By Erica Avallone, GoPSUsports.com Student Staff Writer
UNIVERSITY PARK, Pa. - There are a variety of things you could say about Luke Juha and the Penn State men's hockey program as a whole - hardworking, relentless, accomplished, only four years into the NCAA.
But that doesn't begin to cover who Juha is as a person or a player and how the Penn State men's hockey team has changed him.
Juha left his home in Mississauga, Ontario, to begin his junior career in 2009. Playing for the Burlington Cougars of the Ontario Junior Hockey League and the Vernon Vipers of the British Columbia Hockey League, Juha dreamed of playing for a NCAA hockey program. When head coach Guy Gadowsky called him and extended the invitation to play at Penn State, that dream wasn't guaranteed.
Juha and his fellow seniors took a leap of faith and committed to play at Penn State, not knowing what exactly was to happen, or if they would have to wait out some "growing seasons".
Having played in its final home game last Saturday, Penn State's first four-year Division I class can now look back and see that coming to Penn State during the building years was one of the best things they have ever done.
"Penn State Hockey is our baby," said Juha. "For me it was incredibly special to have the opportunity to start a program with these eight seniors."
Juha, an accomplished defenseman, did not always have it easy on the ice. Battling through injuries every year as a Nittany Lion took a toll on his game and his mindset. Having to sit out games sporadically every campaign made Juha work that much harder to be an impact player when he did take the ice.
This season Juha, an assistant captain, leads the team with 59 blocks and is second on the team with a plus-16 rating. He has totaled 20 points in 28 games this season.
Juha leads by example, consistently trying to do the right thing and be a role model. Juha and the other seniors only have a few more weeks to leave their lasting impression on the younger guys and the program as a whole.
"I want them to have the same love we do for this program," said Juha.
The Penn State hockey experience is like no other. The culture in Hockey Valley is unprecedented. Juha has said that a huge part of the team's success on the ice comes from their love for each other off the ice.
"These are my best friends," said Juha. "I would do anything for them, and I think that is what fires our chemistry up on the ice."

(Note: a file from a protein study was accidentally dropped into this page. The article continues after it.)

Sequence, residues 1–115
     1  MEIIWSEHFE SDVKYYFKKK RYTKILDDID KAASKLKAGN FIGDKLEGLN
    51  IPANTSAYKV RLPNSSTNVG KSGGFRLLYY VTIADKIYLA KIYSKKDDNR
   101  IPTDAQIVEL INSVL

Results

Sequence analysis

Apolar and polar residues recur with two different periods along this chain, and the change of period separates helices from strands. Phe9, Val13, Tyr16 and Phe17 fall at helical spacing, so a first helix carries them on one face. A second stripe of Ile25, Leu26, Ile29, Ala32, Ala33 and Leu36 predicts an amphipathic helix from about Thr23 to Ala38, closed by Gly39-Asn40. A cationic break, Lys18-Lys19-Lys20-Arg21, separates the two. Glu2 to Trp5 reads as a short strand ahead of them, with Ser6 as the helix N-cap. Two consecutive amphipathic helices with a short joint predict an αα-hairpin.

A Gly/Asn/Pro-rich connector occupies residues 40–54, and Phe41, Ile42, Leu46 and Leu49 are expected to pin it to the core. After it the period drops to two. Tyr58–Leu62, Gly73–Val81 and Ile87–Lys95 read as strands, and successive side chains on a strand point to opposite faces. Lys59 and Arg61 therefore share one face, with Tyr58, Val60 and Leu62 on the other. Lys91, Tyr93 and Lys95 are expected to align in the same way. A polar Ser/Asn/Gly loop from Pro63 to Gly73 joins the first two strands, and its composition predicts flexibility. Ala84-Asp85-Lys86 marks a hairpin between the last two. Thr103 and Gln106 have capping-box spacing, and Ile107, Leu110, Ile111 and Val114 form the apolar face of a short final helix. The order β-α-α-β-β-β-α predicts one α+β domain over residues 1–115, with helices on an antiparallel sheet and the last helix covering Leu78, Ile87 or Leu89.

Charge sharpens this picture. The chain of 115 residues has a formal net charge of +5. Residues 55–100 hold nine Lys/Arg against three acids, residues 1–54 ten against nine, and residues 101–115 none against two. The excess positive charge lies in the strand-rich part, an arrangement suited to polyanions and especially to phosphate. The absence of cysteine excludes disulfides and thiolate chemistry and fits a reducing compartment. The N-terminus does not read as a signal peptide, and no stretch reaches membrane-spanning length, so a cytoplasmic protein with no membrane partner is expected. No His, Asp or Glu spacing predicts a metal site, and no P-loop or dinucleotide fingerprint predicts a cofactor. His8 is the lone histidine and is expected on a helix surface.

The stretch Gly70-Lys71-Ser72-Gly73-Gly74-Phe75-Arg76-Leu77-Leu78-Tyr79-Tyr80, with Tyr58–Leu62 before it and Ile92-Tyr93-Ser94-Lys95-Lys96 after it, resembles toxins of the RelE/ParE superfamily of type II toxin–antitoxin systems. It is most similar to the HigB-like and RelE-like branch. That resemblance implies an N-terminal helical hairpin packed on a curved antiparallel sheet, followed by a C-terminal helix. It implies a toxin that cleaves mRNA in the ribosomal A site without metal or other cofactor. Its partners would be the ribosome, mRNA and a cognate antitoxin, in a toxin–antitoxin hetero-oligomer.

In just four years, Juha and his classmates have created something magical.
"We have improved so much, so quickly," Juha said. "I think we have a better culture every year and I don't see that changing. With the culture and caliber of recruits improving, I see national championships in the future."
This program and culture have left an everlasting impact on Juha as a person and a player. Juha credits the program to teaching him how to find enjoyment in everything he does, even the more difficult things.
"Having this amazing facility and the opportunity to start this program from a humble beginning at Greenberg has showed me how to appreciate what I have in my life so much more," said Juha.
Juha spoke about how thankful he is that Coach Gadowsky brought him here four years ago.
"Penn State is the best University in the world. There are so many opportunities for us to learn and grow as people and players," Juha said. "There are amazing people all around you. Everyone is so proud to be here and to be apart of what we are doing."
Looking back over the last four seasons, Juha's favorite moment lies in a game against Minnesota at home last year. Juha scored the game winner in overtime against the Gophers, who the Nittany Lions were anxious to beat.
"That will be a day I never forget," Juha said.
This team and senior class started from nothing. They, along with the coaching staff, made it their mission to create something great - and they did. These seniors will leave a legacy that will not soon be forgotten in the hallowed halls of Pegula Ice Arena. Ending this chapter in their lives they all look towards what is next, unsure of what is to come.
"When they was recruited, they were getting feedback on how they were going to lose badly for four years," said Gadowsky of the senior class. "They believed in themselves and believed in the program that they were not going to lose the next four years. And to see how far they have come and what they have accomplished, wow."